Because Mr. Tseden’s films touch on issues related to ethnic minorities, they are vetted through a stricter-than-usual censorship process. Every line in the script is scrutinized. For inspiration about working within the constraints of overwhelming censorship, Mr. Tseden studied the work of Iranian filmmakers like Abbas Kiarostami and Mohsen Makhmalbaf.
Despite the intense scrutiny, all six of Mr. Tseden’s feature films have received the official “dragon seal” of approval from Chinese censors — a testament, critics say, to the subtlety of his cinematic expression. (His films have had limited box office success in China, though, in part because of their slow pacing and art-house aesthetic.)
In conversation as in his films, Mr. Tseden is cautious. When asked about what some critics say are China’s increasingly assimilationist policies toward ethnic minorities, he said that he felt “very helpless.” He added, “When you are a relatively small subject and you encounter something with greater power, of course you have no choice but to change and adapt.”
But his films can be direct. A sense of despair pervades the 2011 film “Old Dog,” in which a shepherd would rather kill his beloved nomad Tibetan mastiff than see it stolen or sold to meet the growing black market demand among Chinese businessmen. “A grim and uncompromising allegory of the waning of Tibetan traditions and values,” the critic Jeanette Catsoulis wrote in a New York Times review.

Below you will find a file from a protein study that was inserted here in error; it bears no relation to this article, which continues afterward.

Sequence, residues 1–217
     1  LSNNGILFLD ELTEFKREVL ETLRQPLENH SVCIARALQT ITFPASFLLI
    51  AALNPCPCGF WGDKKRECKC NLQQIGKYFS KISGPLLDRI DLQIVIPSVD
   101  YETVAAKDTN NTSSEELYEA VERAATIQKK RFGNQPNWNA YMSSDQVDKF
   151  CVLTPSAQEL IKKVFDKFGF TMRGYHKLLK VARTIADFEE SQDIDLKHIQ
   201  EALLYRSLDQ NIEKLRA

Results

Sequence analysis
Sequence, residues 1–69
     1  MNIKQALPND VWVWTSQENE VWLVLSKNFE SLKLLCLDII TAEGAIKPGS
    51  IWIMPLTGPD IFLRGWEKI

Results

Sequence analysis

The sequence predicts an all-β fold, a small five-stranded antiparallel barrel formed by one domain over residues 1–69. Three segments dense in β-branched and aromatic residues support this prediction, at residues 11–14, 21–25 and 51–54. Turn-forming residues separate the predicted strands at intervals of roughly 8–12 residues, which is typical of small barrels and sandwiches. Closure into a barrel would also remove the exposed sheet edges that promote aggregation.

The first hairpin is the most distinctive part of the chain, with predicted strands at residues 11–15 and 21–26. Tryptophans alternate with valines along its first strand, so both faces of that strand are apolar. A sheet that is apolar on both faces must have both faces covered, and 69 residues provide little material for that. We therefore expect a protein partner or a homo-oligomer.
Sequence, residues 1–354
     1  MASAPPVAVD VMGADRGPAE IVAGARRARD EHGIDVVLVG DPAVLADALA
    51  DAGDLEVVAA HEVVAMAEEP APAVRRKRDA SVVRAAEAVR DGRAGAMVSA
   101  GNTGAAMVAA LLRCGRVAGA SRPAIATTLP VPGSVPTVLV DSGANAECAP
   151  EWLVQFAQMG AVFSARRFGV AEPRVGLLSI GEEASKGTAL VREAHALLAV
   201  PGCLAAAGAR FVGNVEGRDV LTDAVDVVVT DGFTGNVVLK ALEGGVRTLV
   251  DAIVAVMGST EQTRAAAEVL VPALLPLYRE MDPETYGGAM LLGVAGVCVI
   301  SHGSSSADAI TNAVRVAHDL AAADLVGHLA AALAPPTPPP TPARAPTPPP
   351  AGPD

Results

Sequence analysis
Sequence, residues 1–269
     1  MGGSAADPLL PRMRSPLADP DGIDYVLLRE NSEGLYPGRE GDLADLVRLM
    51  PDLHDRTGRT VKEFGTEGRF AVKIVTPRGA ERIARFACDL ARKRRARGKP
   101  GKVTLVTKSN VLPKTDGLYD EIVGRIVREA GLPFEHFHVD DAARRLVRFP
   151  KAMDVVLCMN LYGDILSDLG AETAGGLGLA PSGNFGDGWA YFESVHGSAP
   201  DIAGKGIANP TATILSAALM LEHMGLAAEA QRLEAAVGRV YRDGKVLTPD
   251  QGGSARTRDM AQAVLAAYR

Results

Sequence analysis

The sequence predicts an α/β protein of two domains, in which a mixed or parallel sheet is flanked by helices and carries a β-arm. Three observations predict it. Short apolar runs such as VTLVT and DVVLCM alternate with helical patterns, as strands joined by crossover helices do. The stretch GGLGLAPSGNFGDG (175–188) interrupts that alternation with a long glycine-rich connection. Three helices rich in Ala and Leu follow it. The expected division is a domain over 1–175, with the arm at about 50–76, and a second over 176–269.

The Tibetan language also features prominently throughout Mr. Tseden’s films. His insistence on shooting in Tibetan, particularly his native Amdo dialect, comes as bilingual education for ethnic minorities in China and has been subject to increasing pressure. Last year, a Tibetan entrepreneur was sentenced to five years in prison for campaigning to preserve the Tibetan language in the face of the increasing dominance of Mandarin Chinese.
Though the boundaries of what is acceptable are constantly shifting, for now, Mr. Tseden said, “It’s possible to still express yourself without touching on the so-called sensitive stuff.”
Several years ago, Mr. Tseden moved from Beijing to Xining, the capital of Qinghai, not far from the secluded mountain village where he grew up. Moving back at a time when more Chinese artists are thinking about moving abroad was a natural decision, he said.
“Being an artist in the system in China is a difficult life,” he acknowledged. “But freedom is a relative concept. And this is the land I belong to.”